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Writing an essay

Essays do not have one fixed form or style, and finding your own preferred way of writing is an important part of developing your academic skills.

That said, there are some general guidelines which you should try to follow when writing your essays:

Use your own ideas
You will have a reading list from which to select critical studies as background for your essays. While these will, hopefully, be useful, try not to rely on the ideas and arguments of other writers as the keystones of your own writing. Your own opinions and insights about the text should be the cornerstone of your work.

Don't be personal!
That said, your essays should not be about a subjective response to texts. Although you might discuss in tutorials or classes whether you have enjoyed your reading, and how you reacted to it on a personal level, it is only your academic and critical responses which should be included in your essay.

Depending on your own past experience of writing, you may find that it is difficult, initially, to get a feel for essay writing. The critical reading you do each week should give you some sense of the kind of language which is appropriate for academic writing at this level. Your style should aim to be concise, clear and to-the-point, but without being colloquial or particularly literary or journalistic.

Reading the question
It is, of course, absolutely vital that you pay close attention to the terms of the question you are answering. Different kinds of question require different approaches. An question which asks you "to what extent" a statement is true needs some evaluation of the evidence which supports and opposes the statement, and an evaluation of which side of the evidence is stronger. A question which asks "how" a topic is presented or discussed needs a sense of the different approaches to that topic, and whether they form a coherent presentation of it. Essays that ask you to "discuss" a topic can be particularly difficult, as the temptation is simply to enumerate points of interest without analysing them. You should try to create an argument of your own here in order to structure your work.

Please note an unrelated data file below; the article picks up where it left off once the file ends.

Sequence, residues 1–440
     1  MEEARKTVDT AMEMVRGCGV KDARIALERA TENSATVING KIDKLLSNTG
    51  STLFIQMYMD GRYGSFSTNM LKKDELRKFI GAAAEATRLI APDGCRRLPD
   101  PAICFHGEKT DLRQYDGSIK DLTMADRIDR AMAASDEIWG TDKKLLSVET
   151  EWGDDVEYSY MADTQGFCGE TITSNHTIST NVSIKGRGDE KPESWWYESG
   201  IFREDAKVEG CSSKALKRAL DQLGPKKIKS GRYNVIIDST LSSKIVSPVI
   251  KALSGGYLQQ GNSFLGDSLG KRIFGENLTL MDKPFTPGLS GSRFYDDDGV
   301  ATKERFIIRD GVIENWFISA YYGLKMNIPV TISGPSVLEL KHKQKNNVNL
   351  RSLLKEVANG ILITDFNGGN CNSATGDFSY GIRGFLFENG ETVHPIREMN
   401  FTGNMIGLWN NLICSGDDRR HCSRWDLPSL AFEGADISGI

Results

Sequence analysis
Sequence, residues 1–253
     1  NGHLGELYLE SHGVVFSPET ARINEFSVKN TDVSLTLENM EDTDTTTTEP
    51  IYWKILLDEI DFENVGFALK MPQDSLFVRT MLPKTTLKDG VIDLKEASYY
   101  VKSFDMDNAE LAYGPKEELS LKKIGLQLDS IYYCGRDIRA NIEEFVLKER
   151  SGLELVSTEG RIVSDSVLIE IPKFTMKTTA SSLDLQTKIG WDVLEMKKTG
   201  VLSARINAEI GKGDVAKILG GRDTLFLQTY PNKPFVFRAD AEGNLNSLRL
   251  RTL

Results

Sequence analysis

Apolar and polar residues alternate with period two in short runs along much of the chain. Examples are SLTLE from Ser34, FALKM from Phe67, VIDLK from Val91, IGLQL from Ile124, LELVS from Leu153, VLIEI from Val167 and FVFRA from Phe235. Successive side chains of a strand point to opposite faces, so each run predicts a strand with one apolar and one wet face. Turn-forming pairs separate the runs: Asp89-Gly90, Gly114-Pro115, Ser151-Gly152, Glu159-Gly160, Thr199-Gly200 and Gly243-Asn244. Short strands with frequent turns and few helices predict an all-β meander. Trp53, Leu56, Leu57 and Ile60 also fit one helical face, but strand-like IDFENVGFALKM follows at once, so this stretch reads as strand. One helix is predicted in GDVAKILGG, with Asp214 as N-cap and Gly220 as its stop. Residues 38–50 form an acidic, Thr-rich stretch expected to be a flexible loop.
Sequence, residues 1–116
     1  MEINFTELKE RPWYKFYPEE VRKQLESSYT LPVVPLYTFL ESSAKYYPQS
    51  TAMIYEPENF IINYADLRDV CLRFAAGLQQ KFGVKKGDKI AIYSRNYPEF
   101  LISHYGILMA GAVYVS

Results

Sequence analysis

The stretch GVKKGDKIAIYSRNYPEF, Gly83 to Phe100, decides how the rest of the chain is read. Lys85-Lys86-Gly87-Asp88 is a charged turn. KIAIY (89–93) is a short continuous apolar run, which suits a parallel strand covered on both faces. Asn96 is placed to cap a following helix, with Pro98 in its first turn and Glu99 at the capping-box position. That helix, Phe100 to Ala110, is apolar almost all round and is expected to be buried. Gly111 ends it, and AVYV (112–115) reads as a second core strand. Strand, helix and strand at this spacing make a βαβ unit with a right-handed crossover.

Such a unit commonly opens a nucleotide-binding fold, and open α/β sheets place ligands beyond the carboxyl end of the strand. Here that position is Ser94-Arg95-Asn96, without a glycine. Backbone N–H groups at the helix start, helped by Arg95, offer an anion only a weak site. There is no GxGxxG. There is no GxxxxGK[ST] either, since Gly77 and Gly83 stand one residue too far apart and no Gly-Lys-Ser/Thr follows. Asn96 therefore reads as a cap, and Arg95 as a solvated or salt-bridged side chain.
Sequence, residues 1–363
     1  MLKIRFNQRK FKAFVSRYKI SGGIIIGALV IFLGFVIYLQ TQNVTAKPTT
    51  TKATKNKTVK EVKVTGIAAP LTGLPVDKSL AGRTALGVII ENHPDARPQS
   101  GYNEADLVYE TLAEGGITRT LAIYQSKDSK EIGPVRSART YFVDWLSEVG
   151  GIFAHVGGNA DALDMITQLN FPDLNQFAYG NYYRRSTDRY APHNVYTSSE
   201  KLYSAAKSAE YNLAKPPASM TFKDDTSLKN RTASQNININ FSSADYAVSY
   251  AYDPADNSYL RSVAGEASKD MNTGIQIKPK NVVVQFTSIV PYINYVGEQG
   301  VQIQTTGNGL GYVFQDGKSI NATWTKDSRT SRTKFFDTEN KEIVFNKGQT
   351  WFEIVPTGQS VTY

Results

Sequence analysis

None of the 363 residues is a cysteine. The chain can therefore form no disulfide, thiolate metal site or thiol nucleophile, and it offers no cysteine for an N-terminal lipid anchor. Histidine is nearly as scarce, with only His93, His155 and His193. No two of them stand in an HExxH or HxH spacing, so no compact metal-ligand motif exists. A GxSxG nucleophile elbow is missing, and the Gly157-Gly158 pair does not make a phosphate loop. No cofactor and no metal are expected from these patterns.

Answering the question
Every part of your essay should relate back to the question. When you re-read your essay, you should check each paragraph to make sure that it has relevance to the question. Ask yourself how each paragraph advances your argument.

It is tempting to use an introduction to set out exactly what your argument will be. However, this can limit your writing, guiding it towards an already-fixed conclusion. Your introduction is better used to identify the chief issues raised by the essay question, and then to discuss the ways in which you will tackle those issues. "The question demands a consideration of...", "The issue of ... is central to this question", "In order to address this issue, it is necessary to consider...".

Your essay can only go so far if you discuss one side of an argument in isolation. While you may be relatively clear about your stance even before you start writing, you should still consider other sides of the question. Sometimes, of course, there is no one clear answer or argument, and that is absolutely fine. It can be worth asking yourself at the end of each paragraph you write whether what you have just written relates back to the question, as you will occasionally find that you veer away from the original point onto an interesting but unrelated tangent.

Supporting your argument
It is very important that what you say is supported by evidence - usually, this means providing a quotation from the text you are discussing in order to illustrate a point you have made. It may also, however, mean adding a reference to a critical or historical source. For example, the statement "Beowulf shows anxiety about the role of violence" needs a quotation drawn from the text to back it up. In contrast, "violence was institutionalised in Anglo-Saxon society" is a statement which demands historical evidence.

The conclusion is the place to summarise your argument. Again, if your essay has reached more than one conclusion, or you are unable to decide between different attitudes towards a question, the conclusion should reflect that. Don't try to make your material artificially whole if it doesn't want to be.

Essays must have a bibliography at the end. References within the essay can be made either in-line or as footnotes, whichever is more convenient for you.